The warlords who impose ignominy are the ones most responsible for the misfortune, but not the only ones. Their collaborators and followers share responsibilities. José Martí wrote it: “To watch a crime calmly is to commit it,” which is why one must act against tyrannies.


COLLABORATE WITH OUR WORKThe 14ymedio team is committed to practicing serious journalism that reflects Cuba’s reality in all its depth. Thank you for joining us on this long journey. We invite you to continue supporting us by becoming a member of 14ymedio now. Together we can continue transforming journalism in Cuba.

Cuba: The Shadows That Will Not Pass

Ángel Cuadra Landrove. (Archive)

14ymedio bigger14ymedio, Pedro Corzo, Miami, 21 November 2022 — Recently, a public tribute was held for an exemplary citizen, poet and former Cuban political prisoner, Ángel Cuadra Landrove, an intellectual committed to freedom who never conceded to those who violate it.

In times when we see that creators in general, including artists, do not defend the oppressed so as to avoid becoming targets or simply to avoid losing their audience, it is more than necessary to render tribute to those who risk their lives and end up in prison for 15 years, as happened to Cuadra, who in 1981 was named “the world’s prisoner of conscience” by Amnesty International. PEN Sweden made him an honorary member and he was named President of the II Congress of Intellectuals for the Freedom of Cuba.

Creators like him are examples we should publicize. They are pillars of any proposal that has freedom, democracy and respect for human dignity as its motto.

No nation lacks traitors, nor citizens willing to give their lives for liberty. José Martí said it, “Others have within them the decorum of many men. They are the ones who rebel with great force against those who rob the people of their freedom, which is to rob men of their decorum. Within those men go thousands of men, an entire people, human dignity.”

Compliments to those who live up to their country are in order. The life works of those who have sacrificed should never be forgotten. Contrary to the title of a book I read more than fifty years ago, Hartzell Spencer’s Vain Shadow, dedicated to Francisco de Orellana — the explorer who discovered the Amazon — I believe that those who sacrifice themselves in the name of progress and, more so, freedom, will never be shadows, but rather lights that guide and counsel, paradigms for those who share their goals. continue reading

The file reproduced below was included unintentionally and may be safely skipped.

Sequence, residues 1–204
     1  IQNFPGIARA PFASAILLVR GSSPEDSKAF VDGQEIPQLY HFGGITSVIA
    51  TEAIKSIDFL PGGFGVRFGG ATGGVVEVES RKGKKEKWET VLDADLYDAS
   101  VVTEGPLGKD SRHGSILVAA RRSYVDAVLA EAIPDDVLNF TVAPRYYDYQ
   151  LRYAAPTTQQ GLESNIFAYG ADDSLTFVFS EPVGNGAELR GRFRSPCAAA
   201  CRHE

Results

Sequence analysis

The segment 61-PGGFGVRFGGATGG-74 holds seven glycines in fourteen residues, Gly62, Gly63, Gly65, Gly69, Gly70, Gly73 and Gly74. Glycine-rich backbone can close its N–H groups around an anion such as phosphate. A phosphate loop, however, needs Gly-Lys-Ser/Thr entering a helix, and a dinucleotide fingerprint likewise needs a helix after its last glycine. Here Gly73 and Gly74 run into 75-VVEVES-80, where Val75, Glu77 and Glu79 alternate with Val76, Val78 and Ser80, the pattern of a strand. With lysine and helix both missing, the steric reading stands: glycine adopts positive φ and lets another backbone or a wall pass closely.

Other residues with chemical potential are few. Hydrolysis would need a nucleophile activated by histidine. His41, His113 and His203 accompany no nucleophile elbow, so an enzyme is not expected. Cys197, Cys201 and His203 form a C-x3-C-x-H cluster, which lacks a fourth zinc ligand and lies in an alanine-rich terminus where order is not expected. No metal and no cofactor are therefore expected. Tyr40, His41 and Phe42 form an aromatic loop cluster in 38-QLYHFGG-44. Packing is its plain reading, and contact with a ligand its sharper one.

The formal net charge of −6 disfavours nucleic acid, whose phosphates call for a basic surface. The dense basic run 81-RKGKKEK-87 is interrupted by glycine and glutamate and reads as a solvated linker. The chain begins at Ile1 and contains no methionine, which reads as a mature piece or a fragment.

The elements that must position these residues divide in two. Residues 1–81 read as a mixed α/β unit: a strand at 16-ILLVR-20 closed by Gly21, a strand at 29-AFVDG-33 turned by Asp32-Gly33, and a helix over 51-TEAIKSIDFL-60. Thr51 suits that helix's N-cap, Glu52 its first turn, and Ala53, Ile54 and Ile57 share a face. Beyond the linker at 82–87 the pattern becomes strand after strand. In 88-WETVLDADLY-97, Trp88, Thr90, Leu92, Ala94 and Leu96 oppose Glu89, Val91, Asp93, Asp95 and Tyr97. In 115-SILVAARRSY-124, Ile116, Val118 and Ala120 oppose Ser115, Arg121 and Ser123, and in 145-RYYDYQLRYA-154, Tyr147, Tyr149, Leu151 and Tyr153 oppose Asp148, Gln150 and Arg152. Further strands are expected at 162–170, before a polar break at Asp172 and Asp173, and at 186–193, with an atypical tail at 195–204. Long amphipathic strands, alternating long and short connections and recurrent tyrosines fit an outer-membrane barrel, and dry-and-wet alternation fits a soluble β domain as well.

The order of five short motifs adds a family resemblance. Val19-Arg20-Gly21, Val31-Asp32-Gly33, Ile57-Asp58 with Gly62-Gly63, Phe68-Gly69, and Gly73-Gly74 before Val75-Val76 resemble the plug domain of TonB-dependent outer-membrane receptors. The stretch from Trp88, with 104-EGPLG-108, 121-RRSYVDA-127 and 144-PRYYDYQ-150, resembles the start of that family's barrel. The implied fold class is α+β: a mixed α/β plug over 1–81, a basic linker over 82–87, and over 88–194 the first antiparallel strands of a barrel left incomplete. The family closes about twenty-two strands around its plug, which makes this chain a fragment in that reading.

Those who consecrate themselves to a cause cannot be dark, but rather a sure presence among those who love justice and liberty above all else.

Personalities such as Cubans Ángel Cuadra and Jorge Valls Arango, Nicaraguan Pedro Joaquín Chamorro Cardenal or the young Venezuelan assassinated by Castro-Chavism, Juan Pablo Pernalete, and many others, will always point the way toward the path of justice.

The event, which included the unveiling of a plaque to honor his memory, organized by PEN Club of Cuban Writers and other exile groups, took place at Human Rights Park on the grounds of the Westchester Library, with the support of Commissioner Javier Souto, whom as many know, was a member of the groups that clandestinely infiltrated Cuba in the 1960s.

The poet, as many of his friends referred to him, was a very sensitive man and was always among the first to sign up for any proposal in favor of freedom and democracy in Cuba, which is why he led organizations such as the Ex Club and was one of the founders of PEN Cubano.

Speakers Luis de la Paz, Ángel de Fana, José Antonio Albertini, Commissioner Souto  and he who types these lines focused on different aspects of his life. The honoree’s capacity to deliver was not unique, but it was singular. He was an intellectual who never betrayed his commitment to take on the type of struggle for freedom demanded by the circumstances.

I am among those who feel embarrassed when I hear of a compatriot with creative capacity who is incapable of sensitivity in the face of a 63-year tyranny. Cuadra was never among those intellectuals, he was so voluntarily tied to the struggle for freedom that he sacrificed his creative capacity, as writer José Antonio Albertini has pointed out many times.

Imagine the volume of work our well-remembered friend would have produced had he not struggled clandestinely against totalitarianism and been in prison, had he not been in exile and dedicated most of his time to activism against the dictatorship.

Cuadra, like most Cuban creators throughout the nation’s history, managed to work in exile, but we are convinced that his legacy, and that of others like him, will help rebuild our nation.

Translated by: Silvia Suárez